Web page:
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Pastoral Systems

Pastoral production systems in the Dry Areas are constrained by over-grazing, land degradation, climate variability, and seasonal gaps in feed supply. As a consequence, livelihoods are often constrained by scarce natural resources.

In response, Dryland Systems is actively gathering data and analyses as an initial stage in understanding present constraints and opportunities – and using this data to develop innovative plans that can effectively overcome these challenges, boost productivity, and improve livelihoods.  

The Program is targeting the development of coping mechanisms to help farming communities mitigate the impact of climate change, rising temperatures, and increasingly scarce water resources; developing decision tools for improved land and water management; piloting and demonstrating promising technologies and techniques; and building the capacity of local communities.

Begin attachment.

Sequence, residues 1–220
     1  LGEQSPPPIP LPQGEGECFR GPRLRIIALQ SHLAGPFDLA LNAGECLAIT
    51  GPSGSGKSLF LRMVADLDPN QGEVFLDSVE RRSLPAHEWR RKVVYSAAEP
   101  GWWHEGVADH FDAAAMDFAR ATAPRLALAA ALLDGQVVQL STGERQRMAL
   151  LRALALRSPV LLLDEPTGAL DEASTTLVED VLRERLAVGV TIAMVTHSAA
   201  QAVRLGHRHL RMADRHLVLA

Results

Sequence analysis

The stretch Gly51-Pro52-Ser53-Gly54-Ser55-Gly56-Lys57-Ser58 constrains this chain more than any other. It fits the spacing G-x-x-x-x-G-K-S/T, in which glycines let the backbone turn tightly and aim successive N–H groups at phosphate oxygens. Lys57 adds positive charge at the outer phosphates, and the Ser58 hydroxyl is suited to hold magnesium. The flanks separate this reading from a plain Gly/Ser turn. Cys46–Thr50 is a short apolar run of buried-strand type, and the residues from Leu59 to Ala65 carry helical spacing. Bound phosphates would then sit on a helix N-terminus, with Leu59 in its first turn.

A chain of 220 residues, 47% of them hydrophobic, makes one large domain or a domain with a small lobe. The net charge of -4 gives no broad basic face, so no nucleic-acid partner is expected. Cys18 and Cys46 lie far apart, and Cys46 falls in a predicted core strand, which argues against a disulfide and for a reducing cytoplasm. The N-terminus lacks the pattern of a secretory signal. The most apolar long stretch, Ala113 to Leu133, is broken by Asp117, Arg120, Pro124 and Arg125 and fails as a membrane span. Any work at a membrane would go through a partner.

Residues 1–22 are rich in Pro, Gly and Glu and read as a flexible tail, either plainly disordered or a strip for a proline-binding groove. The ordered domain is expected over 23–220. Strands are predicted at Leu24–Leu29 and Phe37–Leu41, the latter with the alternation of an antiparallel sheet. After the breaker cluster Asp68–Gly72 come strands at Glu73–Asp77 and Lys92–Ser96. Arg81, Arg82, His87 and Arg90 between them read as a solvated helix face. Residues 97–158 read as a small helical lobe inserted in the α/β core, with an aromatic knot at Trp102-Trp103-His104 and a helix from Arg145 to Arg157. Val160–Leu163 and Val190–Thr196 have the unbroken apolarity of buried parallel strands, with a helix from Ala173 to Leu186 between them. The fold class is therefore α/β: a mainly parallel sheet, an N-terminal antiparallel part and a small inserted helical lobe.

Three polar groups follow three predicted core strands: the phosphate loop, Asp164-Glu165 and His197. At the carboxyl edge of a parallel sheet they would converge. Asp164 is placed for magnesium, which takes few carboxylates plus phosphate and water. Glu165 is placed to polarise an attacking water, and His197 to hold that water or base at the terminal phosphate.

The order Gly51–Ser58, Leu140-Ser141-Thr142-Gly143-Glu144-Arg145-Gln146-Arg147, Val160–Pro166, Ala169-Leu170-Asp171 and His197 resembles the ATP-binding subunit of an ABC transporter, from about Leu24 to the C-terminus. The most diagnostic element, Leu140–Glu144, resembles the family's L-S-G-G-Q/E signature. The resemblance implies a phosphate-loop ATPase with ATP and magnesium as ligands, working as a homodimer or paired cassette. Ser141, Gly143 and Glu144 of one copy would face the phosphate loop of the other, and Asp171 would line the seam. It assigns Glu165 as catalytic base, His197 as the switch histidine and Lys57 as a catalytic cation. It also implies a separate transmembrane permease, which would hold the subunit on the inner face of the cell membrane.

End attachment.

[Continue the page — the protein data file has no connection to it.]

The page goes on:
Some examples of the work Dryland Systems is doing to strengthen pastoral production systems:  
Resilience-enhancing options for pastoral communities: researchers at ICRAF are quantifying resilience-enhancement through the use of trees, crops, and livestock in East and Southern Africa. Effective approaches to assess and quantify resilience enhancement will be disseminated to regional partners.
Community-based breeding lessons: Community-based breeding lessons with communities in Ethiopia are delivering significant improvements to flock performance.      
Insurance against losses: An index-based livestock insurance scheme offers the potential to stabilize livelihoods and improve degraded rangelands.

Value-addition: Improving the quality of local wool and mohair products is helping female producers to tap into lucrative export markets.